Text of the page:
Response: Accreditation is a powerful demonstration of quality. Putting product/services through training and testing to gain these certificates provides evidence that these are quality products/services. But also testimonials and reviews from other customers who have put your product/service to the test during day to day life and experienced its quality are very highly valued

Made in Britain: @MarketAccents referred to this earlier. Are some accreditations regional/national and how well do these help in selling to overseas customers?

Response: You are right @MadeinBritainGB. The advantage within the UK is that we have developed a lot of the standards, which are then adopted in other countries, so having an UK marque is a very strong validation

Response: ISO9001 certification, transparency around their supply chain, open door days to their factory to show there is investment in R&D and modern equipment 

Response from Made in Britain member Easify:  Attention to detail. Look at a company like McLaren. Every single aspect of their business is top notch and pristine. Even the wheels on their component cages have to be the exact shade of McLaren grey and approved by the MD. Over the top perhaps but unquestionable quality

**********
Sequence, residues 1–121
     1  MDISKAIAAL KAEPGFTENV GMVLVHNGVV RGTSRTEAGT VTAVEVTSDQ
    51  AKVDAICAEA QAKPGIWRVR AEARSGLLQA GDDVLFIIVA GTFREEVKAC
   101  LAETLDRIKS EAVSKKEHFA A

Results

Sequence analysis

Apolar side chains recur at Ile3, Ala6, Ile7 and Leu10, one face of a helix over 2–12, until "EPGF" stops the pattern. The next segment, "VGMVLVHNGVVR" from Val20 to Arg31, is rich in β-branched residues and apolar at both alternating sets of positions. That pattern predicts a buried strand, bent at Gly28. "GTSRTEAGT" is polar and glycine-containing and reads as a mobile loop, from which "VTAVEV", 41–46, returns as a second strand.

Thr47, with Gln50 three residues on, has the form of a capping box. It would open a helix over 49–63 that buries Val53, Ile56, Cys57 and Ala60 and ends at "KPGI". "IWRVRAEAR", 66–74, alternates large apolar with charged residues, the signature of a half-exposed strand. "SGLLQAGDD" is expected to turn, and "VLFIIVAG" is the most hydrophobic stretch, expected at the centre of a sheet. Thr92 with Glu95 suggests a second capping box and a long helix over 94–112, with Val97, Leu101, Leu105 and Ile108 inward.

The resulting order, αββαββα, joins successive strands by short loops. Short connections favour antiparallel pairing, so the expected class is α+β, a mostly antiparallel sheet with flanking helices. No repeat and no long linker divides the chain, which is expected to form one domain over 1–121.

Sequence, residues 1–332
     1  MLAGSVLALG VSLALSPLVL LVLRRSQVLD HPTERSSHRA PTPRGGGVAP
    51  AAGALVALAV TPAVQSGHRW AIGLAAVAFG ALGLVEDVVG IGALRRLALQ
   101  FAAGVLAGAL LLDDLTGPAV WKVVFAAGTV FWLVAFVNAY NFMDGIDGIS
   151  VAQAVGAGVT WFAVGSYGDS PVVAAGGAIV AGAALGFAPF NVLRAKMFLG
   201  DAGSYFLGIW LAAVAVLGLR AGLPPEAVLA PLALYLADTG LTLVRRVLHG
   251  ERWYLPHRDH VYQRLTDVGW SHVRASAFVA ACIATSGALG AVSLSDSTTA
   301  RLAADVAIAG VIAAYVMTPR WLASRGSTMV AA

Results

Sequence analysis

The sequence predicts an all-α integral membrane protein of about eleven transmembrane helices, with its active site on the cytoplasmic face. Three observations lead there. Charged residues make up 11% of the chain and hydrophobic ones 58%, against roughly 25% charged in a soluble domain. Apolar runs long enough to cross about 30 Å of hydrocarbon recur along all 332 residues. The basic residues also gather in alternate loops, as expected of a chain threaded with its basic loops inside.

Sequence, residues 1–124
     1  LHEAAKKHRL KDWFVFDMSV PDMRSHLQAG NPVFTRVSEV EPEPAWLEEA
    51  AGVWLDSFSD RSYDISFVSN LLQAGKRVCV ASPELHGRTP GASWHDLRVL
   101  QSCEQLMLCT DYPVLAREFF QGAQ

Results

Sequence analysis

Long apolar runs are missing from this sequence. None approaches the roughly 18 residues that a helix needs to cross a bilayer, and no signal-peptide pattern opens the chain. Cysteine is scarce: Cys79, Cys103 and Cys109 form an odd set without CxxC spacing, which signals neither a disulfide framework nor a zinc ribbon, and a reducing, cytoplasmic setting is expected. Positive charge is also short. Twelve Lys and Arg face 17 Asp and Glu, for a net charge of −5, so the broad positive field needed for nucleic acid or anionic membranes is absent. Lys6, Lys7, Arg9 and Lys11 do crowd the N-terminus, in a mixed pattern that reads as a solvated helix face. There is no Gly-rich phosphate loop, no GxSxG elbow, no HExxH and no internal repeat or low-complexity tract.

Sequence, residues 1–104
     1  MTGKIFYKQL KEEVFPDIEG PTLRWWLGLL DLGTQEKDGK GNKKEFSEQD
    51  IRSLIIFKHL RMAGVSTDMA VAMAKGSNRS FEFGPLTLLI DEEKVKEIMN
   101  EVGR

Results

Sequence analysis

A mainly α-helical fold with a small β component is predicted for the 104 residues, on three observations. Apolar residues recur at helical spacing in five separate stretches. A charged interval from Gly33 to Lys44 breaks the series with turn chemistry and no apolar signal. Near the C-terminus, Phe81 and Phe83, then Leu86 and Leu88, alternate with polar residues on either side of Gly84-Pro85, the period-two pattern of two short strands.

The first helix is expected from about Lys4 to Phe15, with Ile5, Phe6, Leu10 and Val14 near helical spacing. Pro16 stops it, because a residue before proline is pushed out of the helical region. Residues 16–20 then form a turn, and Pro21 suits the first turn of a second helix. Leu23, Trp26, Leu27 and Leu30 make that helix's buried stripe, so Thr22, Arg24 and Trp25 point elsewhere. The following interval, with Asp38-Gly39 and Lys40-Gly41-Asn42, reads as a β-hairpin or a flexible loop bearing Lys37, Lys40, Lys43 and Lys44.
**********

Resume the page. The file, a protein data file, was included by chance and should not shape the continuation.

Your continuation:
Response: Genuine customer reviews (TrustPilot, Feefo, Bazaarvoice etc), Google reviews, case studies, using professional imagery in marketing collateral, well-written marketing collateral, ISO quality standards, low warranty claims, revenue growth, demonstrable investment in R&D etc

Made in Britain: Customer reviews or previous customer testimonials? You'll see all reviews on the public use channels, is it the same for company websites?